I am very taken with the #WeAreIrish campaign started by Úna-Minh Caomhánach, an Irish woman with Vietnamese heritage. Tired of racial slurs and stupid questions, she started a campaign to capture images of people who are Irish, but don’t look Irish, and are regularly asked “Where are you really from?”. I tweeted about this and loads of people retweeted and liked and engaged and asked questions. And then out came the racist trolls with their ludicrous notion that they get to decide who is Irish and who is not.

The irony of me – being an Australian who has not lived in Ireland for over 40 years – being considered Irish by the idiots but Una-Minh – who lives there and is actually Irish being considered not Irish by the same idiots was not lost on me.

I suspect it was lost – along with many other things – on the trolls though. I used to feel sorry for trolls but having now seen first-hand what they say and do, I now have no empathy or compassion for them. I see now that they deliberately say appalling things designed to offend and hurt and then sit back to observe and enjoy the reactions and pain they cause. There’s no excuse for that. I don’t care how terrible your life has been – racist trolling behavior is reprehensible and sub-human. (If you’re reading this and you’re an ugly little troll, go to your room and deactivate your stupid made up account with 25 followers. We’re not interested in your opinions).

On a happier (and somewhat related) note, I discovered what a small world it is. On my first day curating, an @ireland follower saw a video of my dad, Barney, who lives in Australia and recognized him from the summer/winter Irish language schools my dad has taught at during visits to Ireland over the years. We engaged over that and my mum and dad loved hearing about it. Then after I saw them tweet about their program and got in touch, a community radio volunteer did a shout out to my uncle and aunt in a tiny village in Clare.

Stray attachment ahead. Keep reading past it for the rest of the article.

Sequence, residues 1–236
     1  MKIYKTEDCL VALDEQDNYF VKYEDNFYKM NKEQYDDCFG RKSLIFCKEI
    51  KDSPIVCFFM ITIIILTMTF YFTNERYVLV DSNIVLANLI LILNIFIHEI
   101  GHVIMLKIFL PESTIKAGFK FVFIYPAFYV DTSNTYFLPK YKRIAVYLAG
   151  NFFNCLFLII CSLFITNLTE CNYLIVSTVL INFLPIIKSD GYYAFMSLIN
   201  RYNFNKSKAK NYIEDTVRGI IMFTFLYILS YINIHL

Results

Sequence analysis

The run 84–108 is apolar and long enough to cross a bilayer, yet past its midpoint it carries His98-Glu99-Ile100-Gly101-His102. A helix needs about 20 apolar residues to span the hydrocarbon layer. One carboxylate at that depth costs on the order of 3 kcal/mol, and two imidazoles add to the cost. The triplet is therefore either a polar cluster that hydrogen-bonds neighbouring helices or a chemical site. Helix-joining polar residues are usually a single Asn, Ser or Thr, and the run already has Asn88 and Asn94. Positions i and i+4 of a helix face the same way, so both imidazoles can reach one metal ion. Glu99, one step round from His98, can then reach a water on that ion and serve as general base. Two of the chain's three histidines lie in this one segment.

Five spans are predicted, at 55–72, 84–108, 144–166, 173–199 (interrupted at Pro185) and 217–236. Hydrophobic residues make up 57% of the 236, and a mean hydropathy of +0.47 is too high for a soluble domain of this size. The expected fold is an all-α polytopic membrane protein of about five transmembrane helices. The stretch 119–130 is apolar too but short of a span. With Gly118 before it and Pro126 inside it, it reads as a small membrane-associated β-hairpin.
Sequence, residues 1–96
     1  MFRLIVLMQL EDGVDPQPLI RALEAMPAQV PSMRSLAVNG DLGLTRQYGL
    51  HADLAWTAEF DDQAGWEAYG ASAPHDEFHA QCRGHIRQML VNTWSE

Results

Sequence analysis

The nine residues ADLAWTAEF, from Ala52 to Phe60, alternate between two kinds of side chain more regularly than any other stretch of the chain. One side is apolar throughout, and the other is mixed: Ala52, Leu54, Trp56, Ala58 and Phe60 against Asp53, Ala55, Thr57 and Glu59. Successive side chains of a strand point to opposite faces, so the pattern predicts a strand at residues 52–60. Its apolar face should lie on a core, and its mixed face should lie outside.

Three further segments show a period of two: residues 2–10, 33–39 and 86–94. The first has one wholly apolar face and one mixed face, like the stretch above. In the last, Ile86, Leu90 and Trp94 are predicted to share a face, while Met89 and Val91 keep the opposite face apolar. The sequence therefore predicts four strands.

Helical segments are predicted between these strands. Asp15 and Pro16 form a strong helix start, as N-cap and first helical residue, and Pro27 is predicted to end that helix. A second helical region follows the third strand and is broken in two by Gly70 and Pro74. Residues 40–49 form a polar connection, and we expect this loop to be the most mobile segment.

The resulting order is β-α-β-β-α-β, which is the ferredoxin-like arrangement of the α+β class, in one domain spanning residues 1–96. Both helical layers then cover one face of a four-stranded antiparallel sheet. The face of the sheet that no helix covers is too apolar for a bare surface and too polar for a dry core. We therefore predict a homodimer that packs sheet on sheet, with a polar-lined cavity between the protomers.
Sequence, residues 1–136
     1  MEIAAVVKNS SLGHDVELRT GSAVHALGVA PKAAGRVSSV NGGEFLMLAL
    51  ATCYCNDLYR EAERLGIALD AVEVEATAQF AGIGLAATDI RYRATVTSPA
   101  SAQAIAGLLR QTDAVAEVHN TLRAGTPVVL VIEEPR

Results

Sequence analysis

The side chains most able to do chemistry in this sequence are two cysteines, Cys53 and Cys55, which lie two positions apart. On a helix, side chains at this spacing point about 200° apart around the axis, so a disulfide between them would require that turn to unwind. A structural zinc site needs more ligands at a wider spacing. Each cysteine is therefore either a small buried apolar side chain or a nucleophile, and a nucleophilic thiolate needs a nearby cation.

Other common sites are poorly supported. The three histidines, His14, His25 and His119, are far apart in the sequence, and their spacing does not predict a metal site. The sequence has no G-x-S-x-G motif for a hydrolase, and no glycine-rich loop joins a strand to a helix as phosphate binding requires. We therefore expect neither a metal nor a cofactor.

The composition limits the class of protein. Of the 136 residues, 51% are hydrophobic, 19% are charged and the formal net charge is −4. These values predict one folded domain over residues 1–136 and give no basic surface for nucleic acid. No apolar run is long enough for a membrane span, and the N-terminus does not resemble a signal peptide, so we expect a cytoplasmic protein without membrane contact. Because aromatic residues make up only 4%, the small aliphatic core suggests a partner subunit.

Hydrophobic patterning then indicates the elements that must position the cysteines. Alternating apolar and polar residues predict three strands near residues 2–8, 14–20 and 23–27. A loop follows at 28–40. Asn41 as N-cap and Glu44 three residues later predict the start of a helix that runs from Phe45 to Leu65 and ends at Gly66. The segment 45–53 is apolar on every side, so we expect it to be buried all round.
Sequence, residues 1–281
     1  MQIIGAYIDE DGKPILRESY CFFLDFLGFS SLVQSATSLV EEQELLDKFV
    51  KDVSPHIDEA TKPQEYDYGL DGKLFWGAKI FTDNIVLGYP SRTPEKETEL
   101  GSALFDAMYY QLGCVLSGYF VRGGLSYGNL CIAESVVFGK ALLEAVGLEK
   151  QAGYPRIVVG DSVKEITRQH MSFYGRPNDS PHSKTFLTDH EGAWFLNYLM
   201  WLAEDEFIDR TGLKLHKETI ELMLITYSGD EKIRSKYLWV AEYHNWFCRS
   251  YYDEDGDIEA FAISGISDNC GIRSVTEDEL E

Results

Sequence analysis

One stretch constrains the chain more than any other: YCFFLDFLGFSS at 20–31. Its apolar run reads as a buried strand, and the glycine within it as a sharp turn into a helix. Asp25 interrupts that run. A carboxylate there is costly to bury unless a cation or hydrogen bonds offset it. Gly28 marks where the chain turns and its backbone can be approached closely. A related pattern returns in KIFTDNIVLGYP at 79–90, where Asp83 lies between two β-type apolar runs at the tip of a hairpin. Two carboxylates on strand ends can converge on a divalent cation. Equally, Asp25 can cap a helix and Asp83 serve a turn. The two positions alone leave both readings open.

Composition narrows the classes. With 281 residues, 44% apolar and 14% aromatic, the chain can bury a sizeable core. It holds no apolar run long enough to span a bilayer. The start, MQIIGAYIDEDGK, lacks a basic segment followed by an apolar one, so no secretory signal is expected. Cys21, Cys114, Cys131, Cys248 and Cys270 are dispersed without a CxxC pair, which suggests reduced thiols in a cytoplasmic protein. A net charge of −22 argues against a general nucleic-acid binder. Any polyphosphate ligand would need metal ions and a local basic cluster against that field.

Curating this account is a joy. I’ve had so many laugh-out-louds at tweets and so many lovely exchanges with people. And I’ve learned so much. I recommend curating to anyone who is interested in learning about Irish places, passion and social movements and who wishes to experience the warmth, intelligence and wit that Irish people are known for.

I hope some of the people I’ve gotten to know a little will follow me at my usual account (@MarciaDevlin) and I can follow you back and I can hold onto a little bit of this beautiful Irish experience.

Thank you to everyone who has engaged this week. I will be sad when it ends tomorrow, but I guess it will be good to have a shower and re-introduce myself to my family.

Slán for now (yep, learnt some of the language as well – is there no end to my talents?)

Marcia